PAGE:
The second aside offers seven steps for families to consider when the time comes to bring a new media or technology into the home.  These steps are nothing really novel.  Parents naturally go through these steps in an organic fashion on many topics.  But somehow, we tend to give new technologies a pass.  Do we assume they are neutral or innocent fun without any significant cost of ownership?  Here are the steps:

  1. Educate.  Learn what you are getting yourself and your household into.  Learn to ask the right questions about a device.
  2. Fence.  Establish usage boundaries.  What time of day, or what days of the week, will your new technology be turned off and inaccessible?  What do you expect to gain from fences?
  3. Mentor.  Train your family how to properly use the new technology according to your values.  Praise good decisions.  Help them understand poor decisions.
  4. Supervise.  Provide accountability for your household as they use a new technology.  Eliminate the expectation of unlimited access and privacy.
  5. Review.  Check how the new technology is being used in your household.  Are your fences and supervisory structures being heeded?  Do you need to change anything about your strategy?
  6. Trust.  Growth and maturity should earn greater freedom and trust.  This is a good thing, because the goal should be responsible usage without too much supervision.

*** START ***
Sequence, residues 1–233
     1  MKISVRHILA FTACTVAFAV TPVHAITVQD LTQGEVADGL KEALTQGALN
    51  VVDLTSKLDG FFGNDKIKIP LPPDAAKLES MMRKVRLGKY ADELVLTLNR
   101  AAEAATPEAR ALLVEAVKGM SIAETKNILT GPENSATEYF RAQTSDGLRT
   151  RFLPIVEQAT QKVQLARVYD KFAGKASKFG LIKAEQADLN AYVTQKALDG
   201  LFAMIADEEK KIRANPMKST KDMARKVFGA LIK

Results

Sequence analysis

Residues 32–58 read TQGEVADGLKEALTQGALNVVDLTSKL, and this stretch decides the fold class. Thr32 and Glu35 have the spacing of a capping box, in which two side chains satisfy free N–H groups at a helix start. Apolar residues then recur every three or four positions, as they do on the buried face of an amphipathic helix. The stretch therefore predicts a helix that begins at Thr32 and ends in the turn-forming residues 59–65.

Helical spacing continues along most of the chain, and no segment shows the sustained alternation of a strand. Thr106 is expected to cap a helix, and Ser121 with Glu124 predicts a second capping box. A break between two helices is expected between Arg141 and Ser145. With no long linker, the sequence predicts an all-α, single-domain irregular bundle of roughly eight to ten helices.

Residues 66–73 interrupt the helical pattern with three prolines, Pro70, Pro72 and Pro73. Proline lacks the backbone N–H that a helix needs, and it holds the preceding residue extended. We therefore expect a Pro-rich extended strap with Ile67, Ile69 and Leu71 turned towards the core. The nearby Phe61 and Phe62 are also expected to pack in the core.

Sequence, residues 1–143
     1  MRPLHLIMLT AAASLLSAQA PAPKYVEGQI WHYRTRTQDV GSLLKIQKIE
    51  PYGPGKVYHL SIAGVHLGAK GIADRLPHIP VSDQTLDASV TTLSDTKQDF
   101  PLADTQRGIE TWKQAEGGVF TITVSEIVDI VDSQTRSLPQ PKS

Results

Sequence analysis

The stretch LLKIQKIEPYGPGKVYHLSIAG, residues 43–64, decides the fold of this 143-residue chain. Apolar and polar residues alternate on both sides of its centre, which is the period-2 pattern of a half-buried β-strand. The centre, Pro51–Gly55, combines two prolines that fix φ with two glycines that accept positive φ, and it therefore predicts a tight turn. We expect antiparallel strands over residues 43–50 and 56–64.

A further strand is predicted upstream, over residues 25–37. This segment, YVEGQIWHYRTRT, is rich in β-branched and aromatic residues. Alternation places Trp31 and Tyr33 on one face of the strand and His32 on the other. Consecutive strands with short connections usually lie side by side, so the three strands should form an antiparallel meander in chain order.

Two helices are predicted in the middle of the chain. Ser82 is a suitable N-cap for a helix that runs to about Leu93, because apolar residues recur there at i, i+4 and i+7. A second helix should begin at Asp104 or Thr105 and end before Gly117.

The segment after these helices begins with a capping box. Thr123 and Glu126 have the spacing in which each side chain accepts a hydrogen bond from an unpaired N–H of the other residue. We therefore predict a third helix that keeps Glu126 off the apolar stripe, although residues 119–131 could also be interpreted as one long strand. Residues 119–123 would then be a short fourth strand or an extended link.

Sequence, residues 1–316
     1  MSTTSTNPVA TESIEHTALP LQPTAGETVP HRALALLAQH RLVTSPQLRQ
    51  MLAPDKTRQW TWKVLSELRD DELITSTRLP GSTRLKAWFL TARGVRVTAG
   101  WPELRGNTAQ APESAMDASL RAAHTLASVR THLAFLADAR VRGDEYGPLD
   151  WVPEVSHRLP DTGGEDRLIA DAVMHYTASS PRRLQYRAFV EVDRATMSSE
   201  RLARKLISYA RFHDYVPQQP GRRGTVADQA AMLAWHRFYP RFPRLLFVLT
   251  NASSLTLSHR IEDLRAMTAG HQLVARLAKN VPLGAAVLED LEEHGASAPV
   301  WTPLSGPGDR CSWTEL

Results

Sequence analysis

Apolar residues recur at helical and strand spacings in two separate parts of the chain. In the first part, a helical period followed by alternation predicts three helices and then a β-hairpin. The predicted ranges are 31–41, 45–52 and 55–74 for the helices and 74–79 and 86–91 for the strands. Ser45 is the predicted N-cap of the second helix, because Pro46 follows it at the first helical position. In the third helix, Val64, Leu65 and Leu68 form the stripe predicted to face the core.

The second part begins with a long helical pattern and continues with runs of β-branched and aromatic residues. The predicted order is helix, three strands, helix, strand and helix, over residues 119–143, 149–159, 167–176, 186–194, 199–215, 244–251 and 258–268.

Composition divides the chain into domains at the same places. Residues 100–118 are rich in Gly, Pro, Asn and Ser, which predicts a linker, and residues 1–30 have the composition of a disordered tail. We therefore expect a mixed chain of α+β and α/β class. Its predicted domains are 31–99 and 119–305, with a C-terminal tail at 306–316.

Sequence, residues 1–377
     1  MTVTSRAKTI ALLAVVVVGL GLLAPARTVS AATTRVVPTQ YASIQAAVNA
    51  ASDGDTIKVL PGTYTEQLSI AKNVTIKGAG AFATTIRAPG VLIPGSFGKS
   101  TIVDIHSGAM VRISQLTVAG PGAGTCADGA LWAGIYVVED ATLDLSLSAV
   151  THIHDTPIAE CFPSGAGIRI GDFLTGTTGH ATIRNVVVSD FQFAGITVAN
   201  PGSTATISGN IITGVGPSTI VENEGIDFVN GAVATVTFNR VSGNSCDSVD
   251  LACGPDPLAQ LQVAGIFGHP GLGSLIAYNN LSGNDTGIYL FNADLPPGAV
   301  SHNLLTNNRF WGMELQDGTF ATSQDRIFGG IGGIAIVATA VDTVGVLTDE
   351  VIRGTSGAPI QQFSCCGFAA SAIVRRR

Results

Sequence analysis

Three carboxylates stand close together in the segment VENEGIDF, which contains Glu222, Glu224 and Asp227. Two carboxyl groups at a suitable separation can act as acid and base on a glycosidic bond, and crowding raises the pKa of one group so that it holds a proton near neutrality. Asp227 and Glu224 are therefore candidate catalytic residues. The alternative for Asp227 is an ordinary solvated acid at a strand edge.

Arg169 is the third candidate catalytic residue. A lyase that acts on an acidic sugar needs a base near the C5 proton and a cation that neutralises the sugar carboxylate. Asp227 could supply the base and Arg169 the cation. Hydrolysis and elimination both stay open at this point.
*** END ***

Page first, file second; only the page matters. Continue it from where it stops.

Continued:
7. Model.  Makes sure you walk the walk.  Your usage standards and rules should apply to you too.  Don’t be a hypocrite.  Stay accountable.  Model a lifestyle of technological restraint to demonstrate you own the device, not the other way around!

In part two of the book, each chapter concludes with a series of questions for reflection.  These are invaluable for getting the reader out of the theoretical and getting personal.  If you pause and give a few moments thought to answer the questions, they will force you to deal with your habits and your heart.  For any reader who skims or skips these, the book will surely prove to be a waste of time.  But personal reflection leading to application promises to pay many times over for the time spend reading the book.

Which leads me to the one weakness of The Next Story.  It’s just too long and wordy.  I don’t fault the author, but the editor.  I suspect the target length was about 200 pages to give the appearance of lots of content.  The same message could be conveyed in 100 pages.  My wife and I started reading it together with high hopes, but she lost interest with all the repetition and review.  The only reason I pressed on with the whole thing instead of skimming for highlights was to write this review.  Being able to intelligently recommend a useful book that I have read from cover to cover is worth the labor to gain that credibility.  Thankfully the last chapter is a summary of sorts.  If you come across The Next Story in the bookstore, carefully read the closing argument and you’ll get the gist of what Challies is trying to say.

Here are some review of The Next Story:

Michael Krahn

Discerning Reader

Blogging Theologically

Good Reads

Here is a video plugging the book:

Advertisements
This entry was posted in Book Review, Cultural Observations, Discipleship and tagged , , , . Bookmark the permalink.

Leave a Reply

Fill in your details below or click an icon to log in:

WordPress.com Logo

You are commenting using your WordPress.com account. Log Out / Change )

Twitter picture

You are commenting using your Twitter account. Log Out / Change )

Facebook photo

You are commenting using your Facebook account. Log Out / Change )

Google+ photo

You are commenting using your Google+ account. Log Out / Change )

Connecting to %s